One of the first things everyone did was to walk to nearby Karol Bagh for their favourite goodies. The kulfi at Roshan, Frontier’s pastries, and the chaat from Gafar Market always featured on the menu. The days, she says, were a series of small adventures. Trips to Delhi’s landmarks—Qutub Minar, Red Fort, Jama Masjid, Connaught Place—peppered by visits to relatives. They’d usually pile into rickshaws or tongas to travel to their destinations.

I love the polka-dotted and floral summer dresses my mum and her sister have on, and the snazzy sunglasses my nana is wearing with such flair. My nani looks so much taller than she is now. When I told my nani that my mum remembered travelling through Delhi in buses on these trips, she quickly replied. “No! That would have been too tough with children.” I imagine though, that things were much easier in that Delhi, with few cars clogging the roads. Or maybe it’s just the pleasant blurriness of these old photos that makes it seem so.

Neha Dara

Ooty, Tamil Nadu, 1974


In May 1974, my grandparents, dad, and aunt went on a month-long (30 days!) holiday in the Nilgiris—a “tour” of the Nilgiris as my thatha (grandfather) says. They boarded a train in Bombay with enough curd-rice, idli, and pickle to last until Madras, though this was supplemented by kindly relatives who would show up at stations along the way with dabbas of ghee-laden pongal and more idlis. From Madras, they took a bus to Madurai where they borrowed my grandfather’s brother’s Ambassador car and then headed for the hills.

Their first stop was Ooty, where these pictures were taken. My grandfather said they visited the famous botanical gardens every other day during their week or so in Ooty, packing a lunch and making a day of it. I can see my grandmother and grand aunt wearing woollen caps in the pictures. “Was it that cold?” I asked my granny. “Illai,” she said in Tamil, “we wore it just like that.”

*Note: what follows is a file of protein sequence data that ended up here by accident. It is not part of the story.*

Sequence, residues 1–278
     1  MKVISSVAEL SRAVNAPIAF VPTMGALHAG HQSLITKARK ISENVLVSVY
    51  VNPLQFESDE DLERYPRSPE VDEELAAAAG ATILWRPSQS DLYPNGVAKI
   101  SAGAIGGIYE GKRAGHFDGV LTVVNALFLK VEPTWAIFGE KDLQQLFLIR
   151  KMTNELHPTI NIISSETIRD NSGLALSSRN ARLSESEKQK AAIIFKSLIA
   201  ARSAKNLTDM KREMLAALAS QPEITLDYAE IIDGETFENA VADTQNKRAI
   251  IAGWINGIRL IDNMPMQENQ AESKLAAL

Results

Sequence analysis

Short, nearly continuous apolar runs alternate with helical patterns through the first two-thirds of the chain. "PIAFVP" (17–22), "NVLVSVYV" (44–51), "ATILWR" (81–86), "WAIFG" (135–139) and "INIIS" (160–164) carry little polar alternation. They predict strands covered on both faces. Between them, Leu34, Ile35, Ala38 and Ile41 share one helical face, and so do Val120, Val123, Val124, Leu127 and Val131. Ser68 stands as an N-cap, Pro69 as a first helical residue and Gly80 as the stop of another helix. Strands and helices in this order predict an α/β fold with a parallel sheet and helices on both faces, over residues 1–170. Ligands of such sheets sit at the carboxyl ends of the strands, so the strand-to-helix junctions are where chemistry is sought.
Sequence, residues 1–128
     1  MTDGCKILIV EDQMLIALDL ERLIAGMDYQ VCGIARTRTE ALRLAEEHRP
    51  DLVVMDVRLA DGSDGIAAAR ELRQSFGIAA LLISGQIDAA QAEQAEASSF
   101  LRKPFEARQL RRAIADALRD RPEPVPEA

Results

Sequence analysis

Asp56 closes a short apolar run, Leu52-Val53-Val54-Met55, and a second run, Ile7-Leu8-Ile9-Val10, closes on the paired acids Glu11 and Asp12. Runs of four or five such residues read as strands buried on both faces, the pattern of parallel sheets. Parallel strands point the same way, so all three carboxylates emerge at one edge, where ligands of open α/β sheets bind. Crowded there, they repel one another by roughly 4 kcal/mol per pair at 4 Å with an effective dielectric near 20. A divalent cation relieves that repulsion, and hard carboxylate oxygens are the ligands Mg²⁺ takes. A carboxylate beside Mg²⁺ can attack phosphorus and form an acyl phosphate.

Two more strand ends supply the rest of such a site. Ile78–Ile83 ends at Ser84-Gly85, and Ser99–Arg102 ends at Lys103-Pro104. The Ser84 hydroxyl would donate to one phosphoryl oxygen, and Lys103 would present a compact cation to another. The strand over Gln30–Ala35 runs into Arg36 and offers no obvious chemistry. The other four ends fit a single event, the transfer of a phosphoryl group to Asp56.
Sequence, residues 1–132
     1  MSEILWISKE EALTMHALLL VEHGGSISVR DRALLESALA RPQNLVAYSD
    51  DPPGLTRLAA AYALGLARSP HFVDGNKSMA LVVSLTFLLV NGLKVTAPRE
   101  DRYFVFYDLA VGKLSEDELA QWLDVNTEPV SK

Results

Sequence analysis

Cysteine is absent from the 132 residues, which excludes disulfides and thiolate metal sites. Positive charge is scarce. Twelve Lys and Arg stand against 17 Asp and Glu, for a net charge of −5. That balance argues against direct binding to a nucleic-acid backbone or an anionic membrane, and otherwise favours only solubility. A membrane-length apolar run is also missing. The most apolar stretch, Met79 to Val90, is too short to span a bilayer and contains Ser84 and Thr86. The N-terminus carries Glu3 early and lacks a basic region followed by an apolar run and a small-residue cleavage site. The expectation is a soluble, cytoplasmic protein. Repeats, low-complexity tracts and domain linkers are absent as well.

It was a time when holidays weren’t a production. There was no detailed itinerary that budgeted for every hour of every day, no museum tickets that needed to be booked online in advance, no reservations to be made at fancy restaurants two months before you got there. Everything was much easier. It all came down to three questions really: Got the kids? Yes. Filled dabbas with sambar-rice, flasks with coffee, and a giant Amul cheese tin filled with murruku? Yes. Made sure there’s a film in the camera? Yes. Okay, let’s go!

While I was admiring the now-vintage cars in one of the photos, my grandfather told me about another trip he took to Ooty, sometime in the mid-1930s. He was about 8 or 10 years old at the time and was visiting the hill station with his parents. They stayed in a home perched on a hill, just outside the main town. “It was very quiet,” he remembers, and the views of the surrounding hills and valleys were incredible. One day, the silence was broken by a loud bell and someone yelling incoherently in the distance. As the sound drew closer, my grandfather ran down the hill to the main road to see what it was—a man riding a bullock cart was advertising the latest Tamil film that was playing at the local theatre. A bullock cart-billboard!
It sounded outlandish, hilarious, and adorable to me. But then I remembered my treasured Sony Walkman and the stacks of cassettes I have no use for anymore, and it made me wonder: How bizarre would my stories sound fifty years from now?

Kamakshi Ayyar

Lonavla, Maharashtra, 1980


The year my parents got engaged, Nana—my mother’s father—began planning a family holiday. Nani was nonplussed: there was no wedding to attend, no relatives to meet, and “we never travelled just like that” she told me last week over the telephone. But Nana insisted, saying the family would never be the same after the marriage of my mother, his eldest daughter. A trip, he declared, was the need of the hour.